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seen Apr 14 at 11:10

Senior Software Engineer and Software/Infrastructure Architect.

Linux/Unix fan and Schemer.


Apr
13
comment Pattern matching against two similar types
The missing type is absolutely the best answer, @MI3Guy. It offers the simplest, clearest, safest code.
Mar
24
comment Why do you need higher kinds?
Scala has type classes. They are implemented with implicits. The implicits provide the equivalent of the Haskell type class instances. It's a more fragile implementation than Haskell's because there is no dedicated syntax for it. But it was always one of the key purposes of Scala implicits and they do the job.
Mar
23
comment Why do you need higher kinds?
Been too busy changing jobs but finally will find some time to write my own answer. I do think you've been distracted by the idea of constraints, though. One significant aspect of higher kinded types is that they allow functions/behaviour to be defined which can be applied to any type which can logically be shown to qualify. Far from imposing constraints on existing types, type classes (one application of higher kinded types) add behaviour to them.
Mar
17
comment Why do you need higher kinds?
Casting isn't an appropriate analogy. What is done with type classes (or similar constructs) is that you show how a given type satisfies the higher kinded type. This usually involves defining new functions or showing which existing functions (or methods if its an OO language like Scala) can be used. Once this has been done, any functions defined to work with the higher type will all work with that type. But it's much more than an interface because more than a simple set of function/method signatures are defined. I guess I am going to have to go and write an answer to show how that works.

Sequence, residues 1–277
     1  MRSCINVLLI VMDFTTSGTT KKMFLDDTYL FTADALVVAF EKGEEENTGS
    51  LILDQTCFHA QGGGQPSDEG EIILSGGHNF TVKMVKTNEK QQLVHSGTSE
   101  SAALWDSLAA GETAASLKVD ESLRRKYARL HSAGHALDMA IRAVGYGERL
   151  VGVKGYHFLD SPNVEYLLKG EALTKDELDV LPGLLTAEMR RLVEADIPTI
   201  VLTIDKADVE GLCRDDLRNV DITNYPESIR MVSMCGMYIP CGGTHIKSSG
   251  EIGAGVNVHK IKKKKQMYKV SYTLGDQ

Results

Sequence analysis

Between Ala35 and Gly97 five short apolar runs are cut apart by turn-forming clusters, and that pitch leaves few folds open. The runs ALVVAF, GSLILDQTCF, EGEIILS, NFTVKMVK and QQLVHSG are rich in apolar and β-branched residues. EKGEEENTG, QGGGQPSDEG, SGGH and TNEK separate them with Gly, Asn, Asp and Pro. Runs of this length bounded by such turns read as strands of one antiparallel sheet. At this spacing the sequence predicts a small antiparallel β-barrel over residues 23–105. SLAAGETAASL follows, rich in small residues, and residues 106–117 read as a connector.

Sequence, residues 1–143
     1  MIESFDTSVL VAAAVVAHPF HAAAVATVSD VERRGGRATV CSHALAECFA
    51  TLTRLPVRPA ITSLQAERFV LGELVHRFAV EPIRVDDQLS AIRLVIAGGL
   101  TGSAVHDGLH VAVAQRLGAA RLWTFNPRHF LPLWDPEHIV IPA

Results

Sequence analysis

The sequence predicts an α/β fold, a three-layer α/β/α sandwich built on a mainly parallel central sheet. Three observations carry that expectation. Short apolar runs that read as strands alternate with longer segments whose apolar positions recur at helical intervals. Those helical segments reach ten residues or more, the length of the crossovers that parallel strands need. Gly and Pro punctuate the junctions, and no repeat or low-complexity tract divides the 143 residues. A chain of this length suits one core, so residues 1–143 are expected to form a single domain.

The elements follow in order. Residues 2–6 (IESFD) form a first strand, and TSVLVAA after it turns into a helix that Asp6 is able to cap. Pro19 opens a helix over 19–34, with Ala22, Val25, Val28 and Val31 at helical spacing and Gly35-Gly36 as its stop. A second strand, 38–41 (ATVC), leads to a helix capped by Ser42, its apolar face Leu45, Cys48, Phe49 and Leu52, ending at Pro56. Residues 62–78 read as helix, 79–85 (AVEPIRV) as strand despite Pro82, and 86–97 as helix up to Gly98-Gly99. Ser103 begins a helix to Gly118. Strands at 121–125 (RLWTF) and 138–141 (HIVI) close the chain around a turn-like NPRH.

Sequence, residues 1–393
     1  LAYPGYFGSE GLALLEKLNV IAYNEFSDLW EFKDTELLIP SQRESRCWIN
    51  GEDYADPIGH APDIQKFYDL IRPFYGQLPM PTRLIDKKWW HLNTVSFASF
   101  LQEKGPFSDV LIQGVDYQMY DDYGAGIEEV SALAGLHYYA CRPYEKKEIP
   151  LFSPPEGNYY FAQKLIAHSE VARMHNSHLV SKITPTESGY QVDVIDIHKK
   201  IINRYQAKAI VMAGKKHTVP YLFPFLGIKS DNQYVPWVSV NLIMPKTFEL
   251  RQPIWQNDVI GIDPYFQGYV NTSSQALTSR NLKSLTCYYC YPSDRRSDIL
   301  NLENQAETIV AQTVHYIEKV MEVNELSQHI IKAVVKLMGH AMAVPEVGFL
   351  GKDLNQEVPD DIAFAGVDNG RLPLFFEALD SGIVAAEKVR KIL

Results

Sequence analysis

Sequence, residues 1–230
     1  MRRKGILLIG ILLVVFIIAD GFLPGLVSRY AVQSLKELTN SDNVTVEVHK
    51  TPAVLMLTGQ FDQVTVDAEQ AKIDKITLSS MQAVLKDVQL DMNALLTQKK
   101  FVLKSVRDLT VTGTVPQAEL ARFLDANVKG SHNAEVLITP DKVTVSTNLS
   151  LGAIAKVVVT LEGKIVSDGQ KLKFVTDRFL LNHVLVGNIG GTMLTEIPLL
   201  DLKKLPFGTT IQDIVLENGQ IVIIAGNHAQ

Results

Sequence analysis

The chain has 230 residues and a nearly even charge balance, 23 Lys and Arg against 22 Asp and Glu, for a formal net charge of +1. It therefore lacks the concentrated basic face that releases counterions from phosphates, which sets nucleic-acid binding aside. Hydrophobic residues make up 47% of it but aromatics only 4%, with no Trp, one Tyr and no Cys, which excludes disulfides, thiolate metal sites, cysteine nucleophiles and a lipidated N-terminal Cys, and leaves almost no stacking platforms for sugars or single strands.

Mar
17
comment Why do you need higher kinds?
@supercat It is not about duck-typing. That's a ridiculous thing to say about rigorously typesafe languages like Haskell and just shows you really haven't grokked the concept. Higher kinded types simply provide a high level of abstraction. As necessary, you refine the high level abstraction by adding more detail, in an interative design process. Really, go read the linked question, go read the links they provide, maybe try out the concept in a language that supports it. Stop throwing up reactionary insults defined by what you are familiar with. That isn't how to learn.
Mar
17
comment Why do you need higher kinds?
@supercat You are entirely missing the point. Type classes do not require a shared dependency. They provide a way of arbitrarily placing one type into a larger group without any modification of the original type and with no need for type-specific code in the larger abstraction. You're too close to the OO trees to see the more abstract forest. Code written to work with a higher kinded type also has no dependency on the lower, more concrete types.
Mar
17
comment Why do you need higher kinds?
There are several good answers here: stackoverflow.com/questions/21170493/…
Mar
16
comment Is Functional Programming a viable alternative to dependency injection patterns?
This question, the articles it links to and the accepted answer may also be useful: stackoverflow.com/questions/11276319/… Ignore the scary Monad word. As Runar points out in his answer, it isn't a complex concept in this case (just a function).
Mar
14
comment How do you iterate through an array and delete an element?